Leslie Mitchell

Capital Gains

London in the Eighteenth Century: A Great and Monstrous Thing

By

The Bodley Head 682pp £25 order from our bookshop

In January 1758, the publisher Robert Dodsley had a problem with one of the more promising poets on his list. For some inexplicable reason, his client affected to find life in the country more agreeable than life in London. In order to coax him back to a saner view, Dodsley set out the capital’s attractions:

Come to Town, therefore, if not for our sakes at least for your own. The Piazzas of Covent Garden afford in January a better shelter than any Grove in Christendom; and what are your mossy banks and purling streams in the Country, to a sparkling bowl & a downy bed at the Hummums? Your Naiads, your dryads & your Hamadryads are enough to starve a man to death; but with ye Nymphs of Drury [Lane] you may be as warm as your heart can wish.

Dodsley’s message was clear. He agreed with Dr Johnson that ‘when a man is tired of London, he is tired of life’.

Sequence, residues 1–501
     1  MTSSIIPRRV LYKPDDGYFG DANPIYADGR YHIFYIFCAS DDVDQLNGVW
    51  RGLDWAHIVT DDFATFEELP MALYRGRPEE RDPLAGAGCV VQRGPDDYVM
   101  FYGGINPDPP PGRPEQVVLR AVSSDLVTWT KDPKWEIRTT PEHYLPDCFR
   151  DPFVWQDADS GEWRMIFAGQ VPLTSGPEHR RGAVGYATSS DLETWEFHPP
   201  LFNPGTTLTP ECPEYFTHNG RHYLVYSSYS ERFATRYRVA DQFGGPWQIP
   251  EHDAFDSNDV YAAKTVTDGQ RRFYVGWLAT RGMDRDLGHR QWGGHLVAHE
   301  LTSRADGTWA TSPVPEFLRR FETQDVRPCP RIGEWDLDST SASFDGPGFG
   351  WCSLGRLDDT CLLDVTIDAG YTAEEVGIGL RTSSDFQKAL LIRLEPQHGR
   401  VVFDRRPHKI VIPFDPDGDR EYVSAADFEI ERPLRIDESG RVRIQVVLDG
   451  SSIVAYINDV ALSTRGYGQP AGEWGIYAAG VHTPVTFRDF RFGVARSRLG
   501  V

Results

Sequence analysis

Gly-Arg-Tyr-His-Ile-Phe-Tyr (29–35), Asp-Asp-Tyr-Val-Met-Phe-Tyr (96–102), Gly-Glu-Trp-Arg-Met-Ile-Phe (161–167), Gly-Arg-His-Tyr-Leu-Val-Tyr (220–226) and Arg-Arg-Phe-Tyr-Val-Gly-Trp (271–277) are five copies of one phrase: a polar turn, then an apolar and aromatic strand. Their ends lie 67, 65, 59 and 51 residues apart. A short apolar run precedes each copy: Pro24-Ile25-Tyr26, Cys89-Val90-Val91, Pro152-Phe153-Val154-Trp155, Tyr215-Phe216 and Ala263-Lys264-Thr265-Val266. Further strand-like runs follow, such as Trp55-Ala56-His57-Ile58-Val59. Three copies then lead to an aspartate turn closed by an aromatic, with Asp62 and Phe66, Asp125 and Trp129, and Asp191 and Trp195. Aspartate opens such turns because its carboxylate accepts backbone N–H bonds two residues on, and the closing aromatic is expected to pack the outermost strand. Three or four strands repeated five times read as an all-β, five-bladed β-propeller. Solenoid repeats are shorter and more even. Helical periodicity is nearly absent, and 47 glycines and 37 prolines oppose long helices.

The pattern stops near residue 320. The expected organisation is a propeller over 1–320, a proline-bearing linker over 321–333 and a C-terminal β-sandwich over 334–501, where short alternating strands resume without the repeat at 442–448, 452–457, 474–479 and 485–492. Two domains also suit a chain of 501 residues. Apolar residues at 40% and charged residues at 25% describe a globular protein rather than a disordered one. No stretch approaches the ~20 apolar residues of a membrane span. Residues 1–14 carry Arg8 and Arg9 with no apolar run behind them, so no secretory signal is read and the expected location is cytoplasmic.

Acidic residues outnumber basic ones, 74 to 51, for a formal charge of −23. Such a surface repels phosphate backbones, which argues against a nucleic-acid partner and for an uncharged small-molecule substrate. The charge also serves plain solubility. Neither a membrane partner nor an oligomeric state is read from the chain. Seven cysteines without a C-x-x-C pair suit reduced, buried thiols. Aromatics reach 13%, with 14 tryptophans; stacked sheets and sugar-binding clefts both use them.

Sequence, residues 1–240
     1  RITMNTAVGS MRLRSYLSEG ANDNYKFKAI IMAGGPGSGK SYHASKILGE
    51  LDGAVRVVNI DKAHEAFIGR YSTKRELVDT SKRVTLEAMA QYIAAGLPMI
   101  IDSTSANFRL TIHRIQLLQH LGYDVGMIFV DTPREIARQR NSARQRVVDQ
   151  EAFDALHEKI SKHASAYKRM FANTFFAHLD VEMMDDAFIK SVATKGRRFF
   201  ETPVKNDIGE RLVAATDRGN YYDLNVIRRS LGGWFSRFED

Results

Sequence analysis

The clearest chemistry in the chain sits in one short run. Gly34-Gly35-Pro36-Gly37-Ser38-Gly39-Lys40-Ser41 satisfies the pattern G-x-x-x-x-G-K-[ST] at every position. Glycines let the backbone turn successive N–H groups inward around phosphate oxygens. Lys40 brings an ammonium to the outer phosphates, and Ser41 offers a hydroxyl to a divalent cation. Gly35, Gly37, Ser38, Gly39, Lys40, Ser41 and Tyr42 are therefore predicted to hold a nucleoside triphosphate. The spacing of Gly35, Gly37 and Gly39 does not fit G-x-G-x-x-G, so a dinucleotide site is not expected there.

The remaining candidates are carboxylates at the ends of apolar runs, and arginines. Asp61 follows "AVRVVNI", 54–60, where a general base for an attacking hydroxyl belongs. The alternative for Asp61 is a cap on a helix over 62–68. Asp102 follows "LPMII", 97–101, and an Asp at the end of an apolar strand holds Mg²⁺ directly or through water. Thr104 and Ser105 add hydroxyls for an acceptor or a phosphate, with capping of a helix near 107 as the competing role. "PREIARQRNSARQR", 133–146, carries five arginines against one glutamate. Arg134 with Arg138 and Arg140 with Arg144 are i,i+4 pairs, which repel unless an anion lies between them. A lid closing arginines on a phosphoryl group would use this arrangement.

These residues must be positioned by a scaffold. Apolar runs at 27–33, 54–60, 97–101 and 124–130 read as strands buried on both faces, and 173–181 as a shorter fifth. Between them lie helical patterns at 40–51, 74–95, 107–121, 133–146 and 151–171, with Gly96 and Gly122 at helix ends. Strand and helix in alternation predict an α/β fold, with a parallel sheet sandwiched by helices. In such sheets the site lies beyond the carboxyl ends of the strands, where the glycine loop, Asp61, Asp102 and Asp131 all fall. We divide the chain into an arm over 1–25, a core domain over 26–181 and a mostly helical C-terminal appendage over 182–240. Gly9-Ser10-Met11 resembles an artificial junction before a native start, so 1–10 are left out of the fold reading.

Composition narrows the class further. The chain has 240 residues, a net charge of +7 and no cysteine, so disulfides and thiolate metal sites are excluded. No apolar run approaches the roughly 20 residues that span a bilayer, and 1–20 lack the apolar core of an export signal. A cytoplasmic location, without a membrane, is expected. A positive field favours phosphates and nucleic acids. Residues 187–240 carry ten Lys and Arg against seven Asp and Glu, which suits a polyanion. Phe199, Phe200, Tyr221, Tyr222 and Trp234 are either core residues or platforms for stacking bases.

Sign Up to our newsletter

Receive free articles, highlights from the archive, news, details of prizes, and much more.

Follow Literary Review on Twitter

  • Last Tweets

    • Why did the 'bold and determined' Empress Matilda never manage to become Queen regnant? Peter Marshall reviews a n… ,
    • From the Archive: Martyn Bedford on Ian McEwan's 'Atonement' ,
    • In 'Silenced Voices' reports the ongoing story of the human rights lawyer, Nasrin Sotoudeh, who has been… ,
    • The mystery of Jack the Ripper's identity has long been agonised over. But what do we know about his victims?… ,
    • A piece of Literary Review history from way back in 1983: John Haffenden talks to the great Iris Murdoch. ,
    • Britain’s only travelling lit fest, the Garden Museum Literary Festival is heading to Houghton Hall, Norfolk, for a… ,
    • 'The 19th-century German sage is not my idea of a pleasant travel companion' goes hiking with Friedr… ,